Would-be owners of Browns hoping to bid NFL hello 4 to make pitches today

price tag for new team could reach $1 billion

September 08, 1998|By Vito Stellino | Vito Stellino,SUN STAFF

CHICAGO -- "Do I hear $350 million?"

"Do I hear $400 million?"

"Do I hear $450 million?

"Do I hear "

There really won't be an auctioneer pounding a gavel and asking for bids today when the NFL owners meet to pick an owner for the new Cleveland Browns franchise.

In effect, though, the NFL is auctioning off an expansion franchise for the first time because it is asking the four finalists to bid for the team.

The bid estimates have ranged from $450 million -- which was recently bid for the Washington Redskins -- to $1 billion.

There is likely to be some spirited debate today between the owners who want to take the highest bidder and the ones who favor a particular owner when they get their first look at the bids.

The finalists are billionaire banker Al Lerner, the Dolan brothers (Charles, who owns Cablevision, and Larry), Howard Milstein, a New York real-estate developer who owns the New York Islanders, and Bart Wolstein, a Cleveland real-estate developer.

The winning bidder needs 23 votes.

One of the subplots in the process is the role of Ravens owner Art Modell, who left Cleveland for Baltimore after the 1995 season.

Modell has said he is supporting the group headed by the Dolans, but it's no secret that he is opposing the group held by Lerner, his former minority partner.

Although the Baltimore deal was signed on Lerner's plane, Lerner distanced himself from Modell after the move.

Lerner's version of the rift:

"When Art left, we started talking less and less. I started hearing some things which I won't repeat, and I have no idea whether they were true or not, but they weren't very positive. It just sort of drifted. There was no argument," he said.

Modell won't comment on the split or react to Lerner's version.

"I want to live my own life. Let him live his," he said.

Modell spoke about all four groups at a committee meeting in New York last week, but he jokingly said he didn't go to bash Lerner.

"I'm not a basher. I'm a lover. I'm Viagra's man of the year," he said with a smile.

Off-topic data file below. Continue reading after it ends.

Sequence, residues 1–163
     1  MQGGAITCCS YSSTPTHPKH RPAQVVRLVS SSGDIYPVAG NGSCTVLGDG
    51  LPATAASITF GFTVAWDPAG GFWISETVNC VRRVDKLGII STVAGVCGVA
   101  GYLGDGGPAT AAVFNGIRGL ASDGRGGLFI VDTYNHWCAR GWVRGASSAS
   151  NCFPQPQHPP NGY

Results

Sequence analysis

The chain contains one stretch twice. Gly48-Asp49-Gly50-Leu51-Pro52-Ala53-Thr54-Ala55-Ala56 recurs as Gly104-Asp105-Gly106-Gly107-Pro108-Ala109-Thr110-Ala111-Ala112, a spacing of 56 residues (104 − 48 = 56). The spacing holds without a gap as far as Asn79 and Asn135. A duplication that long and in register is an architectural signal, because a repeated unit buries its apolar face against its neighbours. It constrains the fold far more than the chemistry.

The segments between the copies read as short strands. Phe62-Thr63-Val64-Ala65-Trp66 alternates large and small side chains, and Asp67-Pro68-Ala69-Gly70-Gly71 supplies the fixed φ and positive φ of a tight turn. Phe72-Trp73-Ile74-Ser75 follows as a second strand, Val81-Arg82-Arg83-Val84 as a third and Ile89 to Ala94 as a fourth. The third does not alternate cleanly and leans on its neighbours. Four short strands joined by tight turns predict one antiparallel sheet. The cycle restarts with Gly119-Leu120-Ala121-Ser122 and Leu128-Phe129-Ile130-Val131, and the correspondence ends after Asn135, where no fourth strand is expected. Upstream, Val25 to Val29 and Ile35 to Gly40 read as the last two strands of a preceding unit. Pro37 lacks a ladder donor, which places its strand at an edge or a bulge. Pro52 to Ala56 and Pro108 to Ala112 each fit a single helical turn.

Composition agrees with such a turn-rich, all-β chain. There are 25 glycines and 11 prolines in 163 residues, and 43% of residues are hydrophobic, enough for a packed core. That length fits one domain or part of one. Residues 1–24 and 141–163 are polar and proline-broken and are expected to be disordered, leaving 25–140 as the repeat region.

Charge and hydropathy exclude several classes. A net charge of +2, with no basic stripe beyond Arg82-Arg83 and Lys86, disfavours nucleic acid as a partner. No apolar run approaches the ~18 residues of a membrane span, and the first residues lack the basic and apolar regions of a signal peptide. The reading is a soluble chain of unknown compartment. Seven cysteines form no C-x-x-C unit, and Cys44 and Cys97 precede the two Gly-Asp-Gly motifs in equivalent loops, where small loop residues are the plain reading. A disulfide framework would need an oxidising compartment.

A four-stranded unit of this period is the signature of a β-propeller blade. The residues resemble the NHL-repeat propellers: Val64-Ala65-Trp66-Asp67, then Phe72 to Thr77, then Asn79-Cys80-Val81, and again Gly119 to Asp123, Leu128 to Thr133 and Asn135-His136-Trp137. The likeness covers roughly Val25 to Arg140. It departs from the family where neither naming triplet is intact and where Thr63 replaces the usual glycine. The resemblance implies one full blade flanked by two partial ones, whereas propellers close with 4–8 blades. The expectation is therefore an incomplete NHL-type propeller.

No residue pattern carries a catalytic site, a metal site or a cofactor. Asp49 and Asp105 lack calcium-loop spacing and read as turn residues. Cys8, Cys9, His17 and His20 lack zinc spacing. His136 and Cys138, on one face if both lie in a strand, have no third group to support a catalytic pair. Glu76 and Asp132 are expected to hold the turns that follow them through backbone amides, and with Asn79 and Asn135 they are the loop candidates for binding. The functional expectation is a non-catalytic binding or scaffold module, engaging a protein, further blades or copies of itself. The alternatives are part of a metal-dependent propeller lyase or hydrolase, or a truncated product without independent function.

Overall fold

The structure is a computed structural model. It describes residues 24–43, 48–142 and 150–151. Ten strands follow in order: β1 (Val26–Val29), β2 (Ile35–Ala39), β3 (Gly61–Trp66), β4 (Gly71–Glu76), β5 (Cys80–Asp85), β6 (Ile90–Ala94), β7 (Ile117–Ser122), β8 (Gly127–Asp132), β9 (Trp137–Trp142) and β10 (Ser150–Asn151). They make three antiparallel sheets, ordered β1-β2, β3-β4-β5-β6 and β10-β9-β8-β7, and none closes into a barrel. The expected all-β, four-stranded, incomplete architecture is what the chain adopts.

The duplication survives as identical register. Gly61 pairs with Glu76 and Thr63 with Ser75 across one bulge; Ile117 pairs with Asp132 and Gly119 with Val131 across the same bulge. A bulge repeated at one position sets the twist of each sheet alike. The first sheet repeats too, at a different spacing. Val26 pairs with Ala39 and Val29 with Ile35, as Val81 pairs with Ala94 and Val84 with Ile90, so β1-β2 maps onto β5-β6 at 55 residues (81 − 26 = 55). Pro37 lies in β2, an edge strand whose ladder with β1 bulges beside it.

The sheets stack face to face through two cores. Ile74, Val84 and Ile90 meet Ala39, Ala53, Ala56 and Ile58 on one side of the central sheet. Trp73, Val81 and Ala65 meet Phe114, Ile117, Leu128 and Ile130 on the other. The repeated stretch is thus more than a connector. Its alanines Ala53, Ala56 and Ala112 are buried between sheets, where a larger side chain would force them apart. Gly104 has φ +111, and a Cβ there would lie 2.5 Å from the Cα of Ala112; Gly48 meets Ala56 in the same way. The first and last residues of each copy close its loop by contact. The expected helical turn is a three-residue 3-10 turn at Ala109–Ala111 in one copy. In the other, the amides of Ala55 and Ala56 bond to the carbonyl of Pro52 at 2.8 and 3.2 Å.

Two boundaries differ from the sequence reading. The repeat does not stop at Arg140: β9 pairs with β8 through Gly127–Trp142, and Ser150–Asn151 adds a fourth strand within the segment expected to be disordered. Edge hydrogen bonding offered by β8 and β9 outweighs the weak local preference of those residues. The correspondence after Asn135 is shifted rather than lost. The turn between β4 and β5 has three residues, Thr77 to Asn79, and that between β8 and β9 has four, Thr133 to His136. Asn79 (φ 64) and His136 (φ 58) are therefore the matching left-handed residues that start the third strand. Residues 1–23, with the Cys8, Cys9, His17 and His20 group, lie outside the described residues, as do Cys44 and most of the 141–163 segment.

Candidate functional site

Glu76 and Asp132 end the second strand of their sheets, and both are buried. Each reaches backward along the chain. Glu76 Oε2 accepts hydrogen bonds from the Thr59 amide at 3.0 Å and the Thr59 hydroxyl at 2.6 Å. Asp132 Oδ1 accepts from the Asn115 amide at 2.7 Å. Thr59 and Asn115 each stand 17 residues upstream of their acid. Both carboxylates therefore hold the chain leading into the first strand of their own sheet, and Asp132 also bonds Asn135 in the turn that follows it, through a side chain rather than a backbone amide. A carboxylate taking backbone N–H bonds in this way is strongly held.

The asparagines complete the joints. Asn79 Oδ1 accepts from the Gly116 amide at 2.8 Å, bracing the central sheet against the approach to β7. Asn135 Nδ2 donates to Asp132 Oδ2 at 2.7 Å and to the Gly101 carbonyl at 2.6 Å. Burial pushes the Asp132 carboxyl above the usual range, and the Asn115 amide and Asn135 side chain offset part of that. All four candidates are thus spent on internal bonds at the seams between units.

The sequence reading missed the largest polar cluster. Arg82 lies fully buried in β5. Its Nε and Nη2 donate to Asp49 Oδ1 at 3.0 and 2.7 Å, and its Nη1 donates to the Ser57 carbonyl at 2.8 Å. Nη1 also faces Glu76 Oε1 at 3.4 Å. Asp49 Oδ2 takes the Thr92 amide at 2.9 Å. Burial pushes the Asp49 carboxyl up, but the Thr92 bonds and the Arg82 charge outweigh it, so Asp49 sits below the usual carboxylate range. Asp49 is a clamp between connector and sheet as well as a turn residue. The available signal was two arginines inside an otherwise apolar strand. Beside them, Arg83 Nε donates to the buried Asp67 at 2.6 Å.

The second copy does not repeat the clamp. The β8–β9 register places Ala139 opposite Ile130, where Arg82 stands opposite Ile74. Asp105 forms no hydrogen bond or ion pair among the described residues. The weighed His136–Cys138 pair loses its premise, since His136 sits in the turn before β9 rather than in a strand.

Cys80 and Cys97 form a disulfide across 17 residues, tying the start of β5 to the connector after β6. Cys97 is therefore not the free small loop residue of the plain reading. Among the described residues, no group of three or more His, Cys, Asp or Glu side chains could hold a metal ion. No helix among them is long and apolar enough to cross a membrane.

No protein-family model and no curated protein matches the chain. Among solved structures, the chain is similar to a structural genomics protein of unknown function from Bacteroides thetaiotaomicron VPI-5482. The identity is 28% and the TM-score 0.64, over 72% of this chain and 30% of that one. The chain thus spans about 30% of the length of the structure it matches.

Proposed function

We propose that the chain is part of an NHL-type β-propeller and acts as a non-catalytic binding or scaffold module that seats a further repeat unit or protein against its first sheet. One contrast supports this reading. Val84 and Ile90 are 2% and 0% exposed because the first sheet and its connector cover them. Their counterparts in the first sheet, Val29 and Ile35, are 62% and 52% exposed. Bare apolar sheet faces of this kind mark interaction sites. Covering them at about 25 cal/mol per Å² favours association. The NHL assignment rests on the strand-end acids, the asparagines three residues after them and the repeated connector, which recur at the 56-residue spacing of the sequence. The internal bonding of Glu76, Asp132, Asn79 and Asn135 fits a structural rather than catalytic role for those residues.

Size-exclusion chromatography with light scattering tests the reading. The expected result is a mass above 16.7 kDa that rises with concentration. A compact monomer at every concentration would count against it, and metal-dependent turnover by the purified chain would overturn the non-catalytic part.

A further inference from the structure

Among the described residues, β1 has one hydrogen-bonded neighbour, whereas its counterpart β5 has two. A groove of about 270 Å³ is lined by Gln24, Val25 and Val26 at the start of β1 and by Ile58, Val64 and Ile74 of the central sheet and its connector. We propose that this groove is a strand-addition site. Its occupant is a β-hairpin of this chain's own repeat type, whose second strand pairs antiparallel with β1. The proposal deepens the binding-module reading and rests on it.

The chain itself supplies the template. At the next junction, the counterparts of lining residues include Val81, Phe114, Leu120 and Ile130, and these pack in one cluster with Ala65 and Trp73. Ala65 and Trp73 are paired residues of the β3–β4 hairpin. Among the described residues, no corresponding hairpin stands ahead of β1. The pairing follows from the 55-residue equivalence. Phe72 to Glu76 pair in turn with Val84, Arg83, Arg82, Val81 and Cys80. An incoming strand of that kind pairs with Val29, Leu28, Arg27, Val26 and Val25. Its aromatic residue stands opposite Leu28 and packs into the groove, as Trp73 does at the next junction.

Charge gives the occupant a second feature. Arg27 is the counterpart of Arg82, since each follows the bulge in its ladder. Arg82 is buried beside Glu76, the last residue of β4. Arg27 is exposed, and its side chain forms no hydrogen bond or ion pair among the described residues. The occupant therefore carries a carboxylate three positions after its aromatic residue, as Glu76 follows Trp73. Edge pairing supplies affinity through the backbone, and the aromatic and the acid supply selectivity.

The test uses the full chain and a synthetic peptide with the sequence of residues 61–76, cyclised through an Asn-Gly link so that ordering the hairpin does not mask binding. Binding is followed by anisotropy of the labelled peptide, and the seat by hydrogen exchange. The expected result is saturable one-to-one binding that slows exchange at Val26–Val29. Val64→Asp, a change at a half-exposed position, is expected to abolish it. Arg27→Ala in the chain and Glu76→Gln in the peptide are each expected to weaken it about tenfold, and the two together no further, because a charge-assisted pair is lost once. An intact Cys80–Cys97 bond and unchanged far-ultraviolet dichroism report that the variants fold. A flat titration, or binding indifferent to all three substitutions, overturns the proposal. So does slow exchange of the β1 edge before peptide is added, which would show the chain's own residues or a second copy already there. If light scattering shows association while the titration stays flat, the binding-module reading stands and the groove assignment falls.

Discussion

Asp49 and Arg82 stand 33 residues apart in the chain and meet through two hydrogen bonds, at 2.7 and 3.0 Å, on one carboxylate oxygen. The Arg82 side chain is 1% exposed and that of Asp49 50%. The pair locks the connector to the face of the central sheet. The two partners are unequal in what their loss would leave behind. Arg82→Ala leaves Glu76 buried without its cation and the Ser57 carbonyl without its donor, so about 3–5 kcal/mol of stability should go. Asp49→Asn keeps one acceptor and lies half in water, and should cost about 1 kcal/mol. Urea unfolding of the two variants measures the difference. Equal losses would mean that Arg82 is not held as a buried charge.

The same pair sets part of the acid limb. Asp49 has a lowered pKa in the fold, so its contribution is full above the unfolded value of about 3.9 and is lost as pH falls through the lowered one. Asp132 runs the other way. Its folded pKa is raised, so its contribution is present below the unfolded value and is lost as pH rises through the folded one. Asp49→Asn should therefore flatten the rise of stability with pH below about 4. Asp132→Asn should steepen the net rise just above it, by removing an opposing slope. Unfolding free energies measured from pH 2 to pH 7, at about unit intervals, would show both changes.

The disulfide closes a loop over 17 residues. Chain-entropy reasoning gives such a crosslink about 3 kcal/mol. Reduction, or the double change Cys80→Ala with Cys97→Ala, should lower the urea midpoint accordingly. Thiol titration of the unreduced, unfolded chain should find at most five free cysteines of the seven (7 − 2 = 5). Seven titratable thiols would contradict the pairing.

In an interview yesterday in the Cleveland Plain Dealer, John Moag, the head of the Maryland Stadium Authority, who has declined to speak on the Lerner-Modell relationship in the past, said: "Art felt incredibly betrayed by Al. He thought it was a true friendship. To see his best friend walk on him after helping him to negotiate the deal was such an intense blow to him. There is so much pain and anger associated with Al Lerner that this whole thing about him getting the team is like opening the wound."

Moag added: "This is a man permanently scarred by the move. It's not many days that I talk to him that Cleveland doesn't come up. For the first two years, he was physically and emotionally in LTC bad shape. If someone said he could come back to Cleveland, he'd do it in a heartbeat. The Al situation just opens all of this back up."

Moag also said Modell was left with a bad taste in his mouth during negotiations for Modell's buyout of Lerner. Lerner owned 9 percent of the team and half the stadium corporation when the team moved.

Moag conceded in the article that Lerner acted on Modell's wishes when he negotiated the move.

"It's true that Art was broke and really had no choice but to sell the team or move it. He was a cornered rat, and his friend presented him with his only options," Moag was quoted as saying.

Moag said last night from his home that he declined to comment on the Plain Dealer article.

In Cleveland, they're not happy about Modell even having a voice in the matter.

The Plain Dealer recently ran an editorial saying, "As an owner, Modell has a vote [but] the rancorous words of untrustworthy Art Modell should be kept out of the debate."

The only sure thing about the meeting is that Lerner won't get Modell's vote.

Browns bidders

The four businessmen bidding to become the new owner of the Cleveland Browns today:

Al Lerner: Lerner, 64, is CEO of MBNA, a leading credit card issuer. His net worth was estimated at $2.5 billion before the latest stock market decline. Has been endorsed by Cleveland Mayor Michael White and former Browns quarterback Bernie Kosar. Former San Francisco 49ers president Carmen Policy would run the team for him.

Charles Dolan and Larry Dolan: Larry, 67, would serve as team president, although brother Charles, 71, has more financial clout. He's the founder of HBO and Cablevision, which also owns Madison Square Garden, the NBA's New York Knicks and the NHL's New York Rangers, which could cause cross-ownership problems. Comedian Bill Cosby and former Baltimore Colts and Miami Dolphins coach Don Shula are members of the group.

Howard Milstein: Milstein, 48, is a New York real-estate tycoon who owns the NHL's New York Islanders. He has pledged to sell the Islanders if he gets the Browns to avoid cross- ownership issues. Ex-Browns Paul Warfield and Calvin Hill would run the team for him.

Bart Wolstein: Wolstein, 71, a Cleveland real-estate developer, stresses that all his investors are from Ohio, but he may lack the financial clout to win the bidding. Indeed, the Cleveland Plain Dealer reported today that he'll be dropped before the owners vote.

Pub Date: 9/08/98

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